After further questioning I found a variety of challenges including finances and his health. After consulting with shelter staff it was agreed that he would sign over several dogs a week until he was down to his legal limit of four. We would also spay and neuter the remaining dogs for him at very low cost. We would even pick them up and drop them off after surgery as he was too sick to drive. On that day he signed over 4 darling puppies of about 8 weeks of age. As I carried the puppies to my truck I smiled at how cute they were. They would be easy to rehome.
I was surprised to see one of the puppies still in the kennels the following week. He was adorable little morsel of white and black spots with a waggy tail and a happy smile. I couldn’t believe he wasn’t up for adoption yet. His siblings had been adopted immediately. A quick check of his records showed a major heart murmur. A 6/6 is as bad as it gets. He would have a greatly shortened life span and could die suddenly at any time or go into heart failure at an early age. It was a huge dilemma. Who wants to adopt a puppy that could die before his first birthday?
The puppy saw a cardiology specialist who thought that surgery could potentially increase his lifespan significantly but at great cost and it couldn’t even be done until he was more mature. What to do? How do you find someone willing to take on such a monumental uncertainty and expense?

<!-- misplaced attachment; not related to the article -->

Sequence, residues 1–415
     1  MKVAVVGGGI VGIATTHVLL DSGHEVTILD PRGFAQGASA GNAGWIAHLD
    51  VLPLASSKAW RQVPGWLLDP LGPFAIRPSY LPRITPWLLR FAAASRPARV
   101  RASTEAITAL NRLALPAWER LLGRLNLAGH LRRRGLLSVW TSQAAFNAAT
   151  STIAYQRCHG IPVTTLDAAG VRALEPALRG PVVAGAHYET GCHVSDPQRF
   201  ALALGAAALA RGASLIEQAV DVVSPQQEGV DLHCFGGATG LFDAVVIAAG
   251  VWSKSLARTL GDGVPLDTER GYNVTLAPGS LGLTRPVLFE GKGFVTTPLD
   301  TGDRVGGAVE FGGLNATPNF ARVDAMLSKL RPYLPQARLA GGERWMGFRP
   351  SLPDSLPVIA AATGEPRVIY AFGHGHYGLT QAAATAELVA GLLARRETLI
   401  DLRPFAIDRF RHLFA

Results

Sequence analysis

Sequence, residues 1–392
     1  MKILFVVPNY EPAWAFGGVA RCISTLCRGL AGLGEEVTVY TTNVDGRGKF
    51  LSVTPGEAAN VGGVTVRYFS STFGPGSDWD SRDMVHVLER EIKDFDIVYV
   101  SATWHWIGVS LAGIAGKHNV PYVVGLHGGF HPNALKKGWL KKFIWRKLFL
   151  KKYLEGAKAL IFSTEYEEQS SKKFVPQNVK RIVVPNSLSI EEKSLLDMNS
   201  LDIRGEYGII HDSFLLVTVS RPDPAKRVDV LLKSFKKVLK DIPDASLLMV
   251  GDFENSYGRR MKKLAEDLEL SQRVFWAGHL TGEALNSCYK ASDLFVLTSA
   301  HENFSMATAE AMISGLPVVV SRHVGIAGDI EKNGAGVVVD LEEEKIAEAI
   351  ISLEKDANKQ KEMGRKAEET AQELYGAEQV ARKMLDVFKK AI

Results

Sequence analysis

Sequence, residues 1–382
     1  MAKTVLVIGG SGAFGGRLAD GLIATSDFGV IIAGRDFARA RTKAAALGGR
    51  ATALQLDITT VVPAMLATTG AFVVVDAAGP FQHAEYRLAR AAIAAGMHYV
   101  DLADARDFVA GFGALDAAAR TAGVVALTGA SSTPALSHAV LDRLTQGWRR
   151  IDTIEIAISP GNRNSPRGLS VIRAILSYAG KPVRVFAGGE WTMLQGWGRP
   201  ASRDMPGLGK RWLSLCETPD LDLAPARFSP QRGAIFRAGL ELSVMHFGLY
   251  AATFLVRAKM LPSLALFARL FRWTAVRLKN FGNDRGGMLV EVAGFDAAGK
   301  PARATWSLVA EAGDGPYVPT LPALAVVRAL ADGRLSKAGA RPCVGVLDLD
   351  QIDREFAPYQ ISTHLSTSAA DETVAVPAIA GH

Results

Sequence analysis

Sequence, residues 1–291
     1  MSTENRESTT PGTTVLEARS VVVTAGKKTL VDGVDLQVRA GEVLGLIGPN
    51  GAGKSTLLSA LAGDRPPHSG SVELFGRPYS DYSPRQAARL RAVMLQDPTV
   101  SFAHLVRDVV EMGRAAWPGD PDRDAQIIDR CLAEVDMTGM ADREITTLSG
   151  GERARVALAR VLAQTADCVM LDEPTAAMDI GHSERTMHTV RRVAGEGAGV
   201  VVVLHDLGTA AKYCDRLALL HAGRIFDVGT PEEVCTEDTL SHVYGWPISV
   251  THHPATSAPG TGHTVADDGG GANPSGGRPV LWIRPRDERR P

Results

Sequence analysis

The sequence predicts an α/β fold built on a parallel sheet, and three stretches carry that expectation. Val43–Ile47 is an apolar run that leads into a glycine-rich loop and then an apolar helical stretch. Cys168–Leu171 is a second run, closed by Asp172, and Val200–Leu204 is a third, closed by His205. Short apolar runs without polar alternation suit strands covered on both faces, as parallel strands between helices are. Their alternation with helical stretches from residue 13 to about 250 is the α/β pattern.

The decision was made to put the puppy, who was later named Max, up for adoption with full disclosure and see what happened. I took Max out to the play yard whenever I could and I could feel his heart though his chest wall when I carried him. It wasn’t anything resembling a heartbeat, more of a strange fluttering movement. It made me sad but when I looked into his big brown eyes and smiling mouth I was reminded of what is so great about dogs. Dogs live in the moment. Max doesn’t care about what may or may not happen in the future. He’s full of love and joy and all he cares about is that I’m rubbing his tummy or tossing a toy for him. There’s so much to be learned from dogs.
I loved spending time with Max but I kept thinking “he’s gonna break someone’s heart.” But the more I thought about it, the more I was reminded that they all break our hearts. And they’re worth it, for however long or short we have them.
I was thrilled a few days later to hear that Max had been adopted and his adopters are absolutely willing to do surgery or whatever is needed to give him the best life possible. I called his adopter, Laurie, and thanked her for adopting him. I asked her why she chose to take on such a difficult project and she had the perfect answer. She said, “Because he needs love just like everyone else.”